minimal tuning before performing is allowed so you have it in the right key (but for the love of God, please don't tune the whole song like several of competitors did at Fleadh Cheoil this year, it took 4 hours to get through 15 singers because of that)

ALSO, Judges at the Fleadh this year said they preferred if people stuck to one region, showing an expertise in the songs of a certain area or a certain singing style (this was shocking to me in that they didn't appreciate someone who wanted to learn different songs and styles and present them, they seem to want only one style represented at the fleadh per singer, I suppose if you sing in varying styles it makes it difficult for an adjudicator to score someone is they use a style they don't like as a way to differentiate between competitors.)

The issue of teaching and coaching is a tough one for me. I never feel as I get a straight answer from the many people I have approached. It could be they think it is too much of a project and don't want to take me on.

I have been told I have no place in trad music and I've been told I'm throwing in the towel too soon and should keep singing. And this is from people who heard the exact same songs.

Being in the over 50 crowd, I find native singers in Ireland often interpret my singing as an attempt to change the tradition, not realizing that--even though I'm older-- I am only about nine years into learning it. Many of the songs I learned while in Ireland as a young child are not considered appropriate as they reflect--how shall I put it--the mixed company of the areas where my family settled. But I think we should welcome in a couple of Thomas Moore songs since a message of Peace is really important.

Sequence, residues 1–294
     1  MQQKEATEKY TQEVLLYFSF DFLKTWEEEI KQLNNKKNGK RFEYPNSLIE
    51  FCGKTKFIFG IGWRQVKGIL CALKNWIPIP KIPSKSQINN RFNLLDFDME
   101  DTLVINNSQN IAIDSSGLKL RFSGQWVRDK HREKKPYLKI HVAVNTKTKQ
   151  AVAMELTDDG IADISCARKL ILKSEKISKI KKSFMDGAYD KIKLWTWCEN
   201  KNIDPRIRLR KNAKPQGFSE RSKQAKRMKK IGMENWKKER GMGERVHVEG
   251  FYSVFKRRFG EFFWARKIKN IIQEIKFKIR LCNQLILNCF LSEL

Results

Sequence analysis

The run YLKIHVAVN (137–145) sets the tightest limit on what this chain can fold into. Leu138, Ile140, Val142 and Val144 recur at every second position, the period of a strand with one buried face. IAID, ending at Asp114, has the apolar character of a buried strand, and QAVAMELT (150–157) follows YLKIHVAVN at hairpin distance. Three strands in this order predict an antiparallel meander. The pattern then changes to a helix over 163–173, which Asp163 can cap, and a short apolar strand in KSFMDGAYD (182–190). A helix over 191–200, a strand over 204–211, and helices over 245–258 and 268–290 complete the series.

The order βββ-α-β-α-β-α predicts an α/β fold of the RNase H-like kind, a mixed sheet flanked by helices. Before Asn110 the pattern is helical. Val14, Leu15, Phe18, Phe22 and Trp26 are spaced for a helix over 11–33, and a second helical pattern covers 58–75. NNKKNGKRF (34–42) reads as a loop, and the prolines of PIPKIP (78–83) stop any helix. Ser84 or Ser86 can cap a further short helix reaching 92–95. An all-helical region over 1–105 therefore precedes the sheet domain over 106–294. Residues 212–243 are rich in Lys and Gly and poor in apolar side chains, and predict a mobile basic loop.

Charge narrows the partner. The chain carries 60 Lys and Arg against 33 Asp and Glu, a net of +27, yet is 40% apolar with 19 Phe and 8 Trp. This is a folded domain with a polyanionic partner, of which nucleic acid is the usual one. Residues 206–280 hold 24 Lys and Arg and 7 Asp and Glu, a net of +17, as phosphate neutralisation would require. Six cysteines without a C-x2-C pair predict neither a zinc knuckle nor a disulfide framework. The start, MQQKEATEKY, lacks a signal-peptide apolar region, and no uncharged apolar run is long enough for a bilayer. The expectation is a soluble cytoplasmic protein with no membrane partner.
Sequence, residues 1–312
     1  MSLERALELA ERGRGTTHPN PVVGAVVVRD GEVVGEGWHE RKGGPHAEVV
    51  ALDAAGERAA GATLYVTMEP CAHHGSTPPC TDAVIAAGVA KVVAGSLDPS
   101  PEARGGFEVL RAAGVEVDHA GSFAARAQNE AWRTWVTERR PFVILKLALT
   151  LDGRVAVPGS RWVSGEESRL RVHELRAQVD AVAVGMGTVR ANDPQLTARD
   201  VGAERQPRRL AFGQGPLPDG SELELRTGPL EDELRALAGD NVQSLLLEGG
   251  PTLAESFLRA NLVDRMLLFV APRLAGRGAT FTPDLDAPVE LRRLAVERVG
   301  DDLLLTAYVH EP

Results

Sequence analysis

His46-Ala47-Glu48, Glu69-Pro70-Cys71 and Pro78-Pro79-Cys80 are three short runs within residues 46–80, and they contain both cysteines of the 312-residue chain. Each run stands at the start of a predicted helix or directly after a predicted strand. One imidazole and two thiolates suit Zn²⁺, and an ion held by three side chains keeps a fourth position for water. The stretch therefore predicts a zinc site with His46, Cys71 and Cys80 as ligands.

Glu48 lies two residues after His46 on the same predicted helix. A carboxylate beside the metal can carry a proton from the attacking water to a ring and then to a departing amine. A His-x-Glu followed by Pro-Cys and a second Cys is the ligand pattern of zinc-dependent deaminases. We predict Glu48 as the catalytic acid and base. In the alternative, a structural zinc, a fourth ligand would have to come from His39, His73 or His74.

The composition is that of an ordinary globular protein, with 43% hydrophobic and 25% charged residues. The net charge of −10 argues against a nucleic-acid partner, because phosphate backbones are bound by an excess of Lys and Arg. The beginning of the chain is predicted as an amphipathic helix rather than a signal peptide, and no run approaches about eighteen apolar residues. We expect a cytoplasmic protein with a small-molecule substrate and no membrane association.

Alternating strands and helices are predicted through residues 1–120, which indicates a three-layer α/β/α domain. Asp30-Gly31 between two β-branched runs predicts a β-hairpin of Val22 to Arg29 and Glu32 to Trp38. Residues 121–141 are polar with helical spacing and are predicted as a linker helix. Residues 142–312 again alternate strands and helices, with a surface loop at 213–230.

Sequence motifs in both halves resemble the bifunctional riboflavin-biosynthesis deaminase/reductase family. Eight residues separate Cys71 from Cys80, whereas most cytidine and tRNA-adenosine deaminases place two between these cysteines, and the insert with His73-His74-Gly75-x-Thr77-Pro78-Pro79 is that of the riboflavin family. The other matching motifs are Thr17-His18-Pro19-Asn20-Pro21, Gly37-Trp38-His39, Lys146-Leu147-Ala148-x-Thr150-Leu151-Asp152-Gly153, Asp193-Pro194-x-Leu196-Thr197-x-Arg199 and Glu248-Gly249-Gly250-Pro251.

While I understand this issue of what is really "Irish" and adhere to it when competing, I was quite perplexed by songs such as the Humours of Whiskey making their way into the Fleadh competition. And that some of the singers played to the crowd, gestured with their hands. These were singers who --in some instances-- were placed in the top three. These were singers with coaches and teachers.

In fact, I will be honest and say I felt an overall "Americans Need Not Apply" when it came to the singing in English categories for women this year at the Fleadh. But that could just be me. 

That being said a person representing America was given a medal in the men's division, I think first. And there have been a few American winners in the past.

Bottom line, I wish I didn't have to introduce myself any time I sing, whether it be a singing session or in a fleadh cheoil, in fact I wish people couldn't see me or hear me talk or know anything about me, for it seems with growing frequency, people are incorporating what THEY want to project on me and my singing, instead of just listening.

It seems to be that coaches and teachers could be  changing what's considered appropriate and not sharing in a general way which would make the competition field even. Not being able to secure a coach or teacher has me doing far more speculating. But I still hope to find that person who has the key that can unlock the door to traditional singing for me. Until then, I'm content to serenade at the threshold. And truth be told, I think they can hear me through the door!